But father Sami said perhaps he was hungry, for since the evening before
no one had paid any attention to the little baby. This seemed to the
sympathetic Mary Ann quite too cruel, and she realised that if she didn't
care for the poor little mite it would die. She wrapped him up again
carefully in his blanket, but not around his head, and carried him
upright on her arm, not under it, as one carries a bundle. Then she ran
all around her room to collect milk, a dish and fire together, so that
the starving little creature might have some nourishment. As she sat on
her stool, and the little one eagerly sipped the milk, while his tiny
little hand tightly clasped his grandmother's forefinger like a
life-preserver, she said, greatly touched:
"Yes, indeed, you little Sami, you poor little orphan, I will do what I
can for you and the dear Lord will not forsake us."
And to the big Sami she said:
"I will keep him, but don't take any rash steps! In the first great
sorrow many a one does what he later regrets. See, you can't run away
from sorrow, it runs with you. Stay and bear what the dear Lord sends. He
is not angry with you. Hold to him still in time of sorrow, then the sun
will shine tomorrow! It will be the same with you as it has been with so
many others." Sami had listened in silence, but like one who does not
understand what he hears.
"Good night, mother! May God reward you for what you do for the boy," he
said then, after wiping his eyes again. Then he pressed his mother's
hand, and went out of the door.
AT THE GRANDMOTHER'S
Old Mary Ann had now to begin over again, where she had left off
twenty-one years before, to bring up a little Sami. But then she was
fresh and strong, she had her husband by her side, and lived at home
among friends and acquaintances. Now she was in a strange land and was a
worn-out woman, and felt that her strength would not last much longer.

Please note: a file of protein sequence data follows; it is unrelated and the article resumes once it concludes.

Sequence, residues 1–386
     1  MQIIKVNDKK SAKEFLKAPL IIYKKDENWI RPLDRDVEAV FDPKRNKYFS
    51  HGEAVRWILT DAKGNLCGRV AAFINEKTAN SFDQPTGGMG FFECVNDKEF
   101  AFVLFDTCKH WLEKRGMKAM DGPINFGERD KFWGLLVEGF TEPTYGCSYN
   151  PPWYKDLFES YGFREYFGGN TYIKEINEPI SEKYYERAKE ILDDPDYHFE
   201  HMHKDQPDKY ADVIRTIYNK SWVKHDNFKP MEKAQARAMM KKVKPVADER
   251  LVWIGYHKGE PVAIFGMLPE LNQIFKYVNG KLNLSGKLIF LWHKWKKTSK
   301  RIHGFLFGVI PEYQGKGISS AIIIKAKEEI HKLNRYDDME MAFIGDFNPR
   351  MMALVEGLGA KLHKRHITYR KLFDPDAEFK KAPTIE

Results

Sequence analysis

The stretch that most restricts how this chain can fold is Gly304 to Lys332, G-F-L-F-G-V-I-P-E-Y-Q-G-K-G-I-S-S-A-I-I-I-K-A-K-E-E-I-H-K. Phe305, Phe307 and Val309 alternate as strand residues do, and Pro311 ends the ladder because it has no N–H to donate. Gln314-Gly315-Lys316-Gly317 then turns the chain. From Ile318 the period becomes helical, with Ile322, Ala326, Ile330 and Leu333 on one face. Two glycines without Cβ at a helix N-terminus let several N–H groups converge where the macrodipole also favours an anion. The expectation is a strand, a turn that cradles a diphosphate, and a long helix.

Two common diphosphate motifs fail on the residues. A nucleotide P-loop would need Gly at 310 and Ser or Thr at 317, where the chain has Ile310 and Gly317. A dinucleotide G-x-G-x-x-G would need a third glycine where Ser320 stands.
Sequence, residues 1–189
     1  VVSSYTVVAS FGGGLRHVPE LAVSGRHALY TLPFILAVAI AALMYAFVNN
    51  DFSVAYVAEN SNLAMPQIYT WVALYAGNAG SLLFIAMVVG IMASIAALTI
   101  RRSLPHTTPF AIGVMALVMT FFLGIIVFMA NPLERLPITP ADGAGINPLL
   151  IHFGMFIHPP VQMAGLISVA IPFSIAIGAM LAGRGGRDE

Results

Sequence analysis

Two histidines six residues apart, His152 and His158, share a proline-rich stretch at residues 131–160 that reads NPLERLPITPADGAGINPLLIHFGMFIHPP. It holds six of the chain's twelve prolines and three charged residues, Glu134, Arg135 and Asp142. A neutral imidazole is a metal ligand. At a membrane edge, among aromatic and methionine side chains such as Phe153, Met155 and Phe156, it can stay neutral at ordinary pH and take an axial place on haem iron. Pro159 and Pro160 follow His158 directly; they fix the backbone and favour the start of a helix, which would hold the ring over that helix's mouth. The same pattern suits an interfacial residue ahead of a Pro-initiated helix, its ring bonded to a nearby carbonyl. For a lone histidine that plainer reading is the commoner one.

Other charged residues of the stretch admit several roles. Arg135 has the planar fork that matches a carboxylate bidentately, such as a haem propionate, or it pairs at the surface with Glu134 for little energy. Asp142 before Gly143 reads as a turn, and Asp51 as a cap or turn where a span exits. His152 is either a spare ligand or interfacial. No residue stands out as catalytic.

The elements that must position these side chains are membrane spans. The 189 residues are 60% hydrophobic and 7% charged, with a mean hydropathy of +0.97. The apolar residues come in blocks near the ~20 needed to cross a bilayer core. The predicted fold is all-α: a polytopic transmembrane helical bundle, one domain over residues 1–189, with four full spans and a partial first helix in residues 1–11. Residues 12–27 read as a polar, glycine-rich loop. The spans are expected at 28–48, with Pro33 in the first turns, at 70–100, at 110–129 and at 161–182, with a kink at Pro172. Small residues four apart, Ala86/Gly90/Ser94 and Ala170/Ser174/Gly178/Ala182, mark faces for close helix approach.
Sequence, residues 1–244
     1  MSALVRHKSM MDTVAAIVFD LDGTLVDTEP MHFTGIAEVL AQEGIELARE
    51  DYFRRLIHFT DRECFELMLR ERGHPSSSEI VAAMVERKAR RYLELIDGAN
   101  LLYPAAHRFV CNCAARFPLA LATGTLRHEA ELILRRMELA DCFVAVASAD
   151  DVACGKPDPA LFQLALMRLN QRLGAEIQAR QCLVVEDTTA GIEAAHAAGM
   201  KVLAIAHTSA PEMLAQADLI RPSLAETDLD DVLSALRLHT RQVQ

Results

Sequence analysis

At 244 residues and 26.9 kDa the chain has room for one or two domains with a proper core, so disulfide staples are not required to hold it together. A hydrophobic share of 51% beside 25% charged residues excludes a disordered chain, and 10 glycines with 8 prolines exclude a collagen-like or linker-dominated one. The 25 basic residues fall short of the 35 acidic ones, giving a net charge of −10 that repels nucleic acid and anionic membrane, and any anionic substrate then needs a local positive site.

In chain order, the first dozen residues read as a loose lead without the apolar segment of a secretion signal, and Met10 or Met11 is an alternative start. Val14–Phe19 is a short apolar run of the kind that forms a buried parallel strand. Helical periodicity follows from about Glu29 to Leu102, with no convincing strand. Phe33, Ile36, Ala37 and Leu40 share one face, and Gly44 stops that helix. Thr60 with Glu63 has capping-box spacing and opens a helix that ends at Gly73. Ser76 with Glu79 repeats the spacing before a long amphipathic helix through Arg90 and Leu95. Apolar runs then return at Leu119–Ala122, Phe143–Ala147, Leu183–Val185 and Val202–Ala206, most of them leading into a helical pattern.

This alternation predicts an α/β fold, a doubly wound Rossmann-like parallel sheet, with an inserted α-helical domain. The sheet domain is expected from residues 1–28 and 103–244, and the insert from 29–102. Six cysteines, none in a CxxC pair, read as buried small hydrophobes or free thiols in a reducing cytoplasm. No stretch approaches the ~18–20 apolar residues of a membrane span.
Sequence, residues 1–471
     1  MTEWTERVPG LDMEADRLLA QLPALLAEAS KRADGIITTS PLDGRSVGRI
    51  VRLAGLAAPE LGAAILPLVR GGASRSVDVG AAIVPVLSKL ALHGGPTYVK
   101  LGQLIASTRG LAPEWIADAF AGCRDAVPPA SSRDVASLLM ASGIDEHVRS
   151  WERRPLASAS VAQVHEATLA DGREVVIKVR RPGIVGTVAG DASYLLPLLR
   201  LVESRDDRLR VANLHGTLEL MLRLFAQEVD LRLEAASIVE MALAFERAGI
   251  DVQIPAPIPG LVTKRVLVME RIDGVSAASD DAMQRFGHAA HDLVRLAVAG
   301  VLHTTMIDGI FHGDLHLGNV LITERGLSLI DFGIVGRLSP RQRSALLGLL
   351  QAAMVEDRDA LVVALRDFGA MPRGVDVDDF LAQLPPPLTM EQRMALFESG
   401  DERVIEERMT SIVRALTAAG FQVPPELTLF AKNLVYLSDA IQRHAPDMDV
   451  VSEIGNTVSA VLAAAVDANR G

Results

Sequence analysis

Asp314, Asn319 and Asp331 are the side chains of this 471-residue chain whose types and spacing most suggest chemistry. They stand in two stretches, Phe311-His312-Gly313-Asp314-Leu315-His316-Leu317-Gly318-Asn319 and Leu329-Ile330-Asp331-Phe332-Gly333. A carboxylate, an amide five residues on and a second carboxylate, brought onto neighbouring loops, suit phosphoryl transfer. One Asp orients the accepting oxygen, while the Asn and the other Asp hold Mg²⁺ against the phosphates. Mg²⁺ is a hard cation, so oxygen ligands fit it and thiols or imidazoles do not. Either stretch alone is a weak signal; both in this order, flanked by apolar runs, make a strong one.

But little Sami did not realise all this. He was tended and cared for as
if his grandmother wanted to make up to him every moment for what he had
lost, and she was always saying to him, pityingly:
"You poor little thing, you have nobody in the world now but an old
Moreover it was so. Father Sami could not be consoled. As soon as his
young wife was buried he went away, and must have landed a long time ago
in the far away country.
Little Sami grew finely, and as his grandmother talked with him a great
deal, he began very early to imitate her. His words became more and more
distinct, and when the end of his second year came, he talked very
plainly and in whole sentences. His grandmother didn't know what to do
for joy, when she realised that her little Sami spoke not a word of
French, but pure Swiss-German, as she had heard it only in her native
land. He spoke exactly like his grandmother, who was indeed the only one
he had to talk with.
Now every day her baby gave her a new surprise. First he began to say
after her the little prayer she repeated for him morning and evening;
then he said it all alone. She had to weep for joy when the little one
began to sing after her the little Summer song she had learned in her own
childhood and had always sung to him, and one day suddenly knew the whole
song from beginning to end and sang one verse after another without
In spite of all the grandmother's trouble and work, the years passed so
quickly to her, that one day when she began to reckon she discovered that